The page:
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Eye Contact

Jaiah Smith
Advertising and Marketing Communications í13

Thatís quite a look.
Beauty is about more than the physical reality of your features. Iíve worn hijab for a year, and niqab, the face veil, since Ramadan. I have girlfriends who wear all black, but I prefer to dabble with splashes of color. I was voted Best Dressed in high school actually, before I started covering.

Is it weird to wear niqab at a place like FIT?
Not really. You know how, at the end of Sex and the City 2, those women take off their veils and theyíre wearing off-the-runway Versace? Thatís exaggerated. But I do wear a Michael Kors watch and BCBG leopard print flats!

You were raised Christian, in Addisleigh Park, Queens. Your mother was a reverend. What happened?
I had trouble with certain ambiguities in Christianity. I made my shahada, a declaration of faith, three years ago. I went to the mosque uncovered, in jeans, with my hair in a bun. The imam, although polite, didnít make eye contact. Later, I realized this was his way of giving me the privacy I didnít give myself.

You say niqab is about privacy and protection. Please explain.
Men are much more respectful. On the subway, itís ďSister, can I give you a seat?Ē and not, ďShorty, let me get your number.Ē Niqab does for the Muslim sister what the Do Not Disturb sign does for the hotel guest. Wearing the veil puts a limit on me as well; I represent more than just myself. Niqab distinguishes me as a believer and reminds me to resist temptation.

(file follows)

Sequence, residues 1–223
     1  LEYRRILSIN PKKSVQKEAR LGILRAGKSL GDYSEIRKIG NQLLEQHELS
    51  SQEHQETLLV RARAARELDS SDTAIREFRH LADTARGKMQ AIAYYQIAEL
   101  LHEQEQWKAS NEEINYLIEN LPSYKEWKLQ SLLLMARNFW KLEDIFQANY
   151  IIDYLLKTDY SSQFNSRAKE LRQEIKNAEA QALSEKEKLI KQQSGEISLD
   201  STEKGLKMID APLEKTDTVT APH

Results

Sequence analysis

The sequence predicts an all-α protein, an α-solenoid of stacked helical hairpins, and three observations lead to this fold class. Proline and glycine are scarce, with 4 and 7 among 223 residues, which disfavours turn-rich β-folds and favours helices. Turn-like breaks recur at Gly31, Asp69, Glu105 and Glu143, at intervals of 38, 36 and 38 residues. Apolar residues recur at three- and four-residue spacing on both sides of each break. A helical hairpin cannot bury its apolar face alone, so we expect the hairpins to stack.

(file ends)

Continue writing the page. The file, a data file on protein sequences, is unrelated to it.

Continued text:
Now that you cover, what sort of reactions do you get?
One time, in October, someone said, ďItís not Halloween yet.Ē I didnít answer. Muslims are instructed to guard their tongues. The Prophet Muhammad, peace be upon him, has said: He who believes in Allah and the Last Day, let him speak good or keep quiet.

Youíre a student ambassador, and give tours for prospective students and their parents. Do you explain the niqab?
I donít. I just say, ďHi, Iím Jaiah. Iím an AMC student.Ē People are curious. You can see it.

I bet. Whatís the biggest misconception about your look?
That Iím oppressed. When actually, Iím so liberated! Iím not worried about blemishes or my waistline. Itís such a relief, it really is. I enjoy the privacy, the mystique. My style is my own. I donít feel the urge to pay exorbitant prices for jeans and handbags. Wearing niqab is totally my choice. And I love it.

Do you ever feel lonely on campus?
At times. Iím very vocal in class. That gives people a better understanding of who I might be. We had to do group projects in a copywriting course, and I was afraid that Iíd get chosen last. But several people approached me right away. People donít know my face, but they know me.

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